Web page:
Your antenna has two terminals. You will measure the received signal, or drive the transmitted signal, as a difference between these terminals. You need to be mindful of the kind of transmission line, and if this is a balanced or unbalanced system. But probably you'll couple to the antenna through a transformer so it won't matter.
Coax is an unbalanced transmission line. The shield is held at ground potential. By that, I mean there is no voltage difference between the shield and Earth, the tower, the antenna, etc.
Neglecting biasing, impedance matching, and other details, you might drive it like this:
simulate this circuit – Schematic created using CircuitLab
An issue is a dipole is a balanced antenna, so to feed it properly with coax you need a balun at the feedpoint.
Alternately you can use twin-lead and make it a balanced system all the way. That might look like this:
simulate this circuit
In this balanced system, at every stage there is a positive polarity and a negative polarity half of the circuit, symmetrical in voltage and impedance relative to ground. There is no ground connection at the input or the output.
In both cases, receiving looks the same except the receiving antenna is on the left, and the output is going to a demodulator.
This balanced system has a significant disadvantage: everything is twice as complicated. One way to convert between balanced and unbalanced is to feed a balanced signal into a center-tapped transformer. The center tap, being halfway between the balanced inputs, is at ground potential.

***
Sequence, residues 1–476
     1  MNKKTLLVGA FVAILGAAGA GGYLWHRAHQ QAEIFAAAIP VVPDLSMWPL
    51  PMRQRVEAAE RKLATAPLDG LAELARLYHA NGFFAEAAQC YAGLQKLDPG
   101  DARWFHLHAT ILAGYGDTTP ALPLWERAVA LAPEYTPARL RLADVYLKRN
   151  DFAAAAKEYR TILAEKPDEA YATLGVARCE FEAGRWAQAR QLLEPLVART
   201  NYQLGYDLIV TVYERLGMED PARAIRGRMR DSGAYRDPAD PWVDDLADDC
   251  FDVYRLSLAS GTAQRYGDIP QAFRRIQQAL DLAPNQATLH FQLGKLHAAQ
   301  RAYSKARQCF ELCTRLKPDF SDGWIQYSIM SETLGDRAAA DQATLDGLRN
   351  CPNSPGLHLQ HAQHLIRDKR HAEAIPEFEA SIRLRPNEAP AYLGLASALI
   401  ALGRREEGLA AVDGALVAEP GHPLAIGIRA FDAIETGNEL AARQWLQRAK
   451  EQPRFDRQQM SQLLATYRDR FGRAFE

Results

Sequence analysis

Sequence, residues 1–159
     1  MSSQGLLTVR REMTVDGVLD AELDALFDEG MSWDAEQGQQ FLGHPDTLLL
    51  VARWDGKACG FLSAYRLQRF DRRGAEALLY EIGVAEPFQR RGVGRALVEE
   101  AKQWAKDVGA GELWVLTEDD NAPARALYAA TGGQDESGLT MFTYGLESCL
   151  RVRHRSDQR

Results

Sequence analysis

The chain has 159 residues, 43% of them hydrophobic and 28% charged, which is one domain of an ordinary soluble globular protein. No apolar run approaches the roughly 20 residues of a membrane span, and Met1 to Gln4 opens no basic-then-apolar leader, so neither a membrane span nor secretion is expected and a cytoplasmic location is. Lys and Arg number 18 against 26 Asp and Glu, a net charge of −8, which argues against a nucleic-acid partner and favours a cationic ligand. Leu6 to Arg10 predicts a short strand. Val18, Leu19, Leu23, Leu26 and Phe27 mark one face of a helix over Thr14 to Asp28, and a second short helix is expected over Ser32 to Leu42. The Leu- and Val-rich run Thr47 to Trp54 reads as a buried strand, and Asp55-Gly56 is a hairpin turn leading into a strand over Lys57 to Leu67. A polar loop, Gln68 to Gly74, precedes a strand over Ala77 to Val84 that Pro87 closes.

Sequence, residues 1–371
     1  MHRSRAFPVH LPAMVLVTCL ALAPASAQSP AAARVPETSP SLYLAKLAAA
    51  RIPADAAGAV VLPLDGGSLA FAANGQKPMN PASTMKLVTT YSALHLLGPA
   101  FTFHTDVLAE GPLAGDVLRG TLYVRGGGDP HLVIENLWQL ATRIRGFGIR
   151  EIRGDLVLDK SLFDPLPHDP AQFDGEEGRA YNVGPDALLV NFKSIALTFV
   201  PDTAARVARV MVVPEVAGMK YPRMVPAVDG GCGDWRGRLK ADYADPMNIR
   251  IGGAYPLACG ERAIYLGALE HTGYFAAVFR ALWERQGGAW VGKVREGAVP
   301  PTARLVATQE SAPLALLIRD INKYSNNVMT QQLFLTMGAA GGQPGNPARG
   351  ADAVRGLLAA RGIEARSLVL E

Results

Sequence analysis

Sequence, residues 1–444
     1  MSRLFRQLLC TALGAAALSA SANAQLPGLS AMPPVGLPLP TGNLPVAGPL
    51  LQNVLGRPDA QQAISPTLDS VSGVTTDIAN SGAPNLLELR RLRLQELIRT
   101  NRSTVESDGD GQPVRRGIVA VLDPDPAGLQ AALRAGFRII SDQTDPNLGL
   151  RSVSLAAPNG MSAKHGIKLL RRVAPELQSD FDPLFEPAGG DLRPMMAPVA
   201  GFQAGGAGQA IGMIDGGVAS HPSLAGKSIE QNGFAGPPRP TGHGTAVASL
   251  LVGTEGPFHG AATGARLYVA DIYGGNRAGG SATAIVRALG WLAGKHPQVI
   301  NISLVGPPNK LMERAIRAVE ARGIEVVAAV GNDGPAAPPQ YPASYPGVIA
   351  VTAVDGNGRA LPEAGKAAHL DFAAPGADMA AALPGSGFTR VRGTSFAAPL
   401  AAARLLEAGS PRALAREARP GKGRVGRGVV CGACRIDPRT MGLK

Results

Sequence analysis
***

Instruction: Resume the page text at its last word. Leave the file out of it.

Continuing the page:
That is why a class-AB push-pull amplifier is a common final stage, looking (simplified) something like this:
simulate this circuit
For a working example, see the HPSDR Pennywhistle schematic.
The input and output transformers do some nice things for us:
- block the DC bias
- allow for impedance matching by adjusting the turns ratio
- provide galvanic isolation
Galvanic isolation is especially pertinent to your question. You'll notice there's no DC path from the amplifier to either the input or the output. So ground doesn't really matter: only the current through the transformer matters. So you can connect one end of either (or both) transformer to ground, or you can make a balanced connection and not connect ground at all.
Furthermore, consider that noise on ground is still noise. With the antenna isolated with a transformer you can avoid any possibility of ground loops which will pick up noise, and it's easier to isolate the ground reference for the receiver front-end from the digital noise, etc that might be present elsewhere.
For receive you probably do not need a class-AB amplifier. More likely you'll stick with the class-A amplifier in the first example. It's pretty common to isolate the input from the antenna with a simple transformer even if it's not strictly necessary. This allows for a balanced or unbalanced input and isolates the DC grounds between the antenna and the receiver.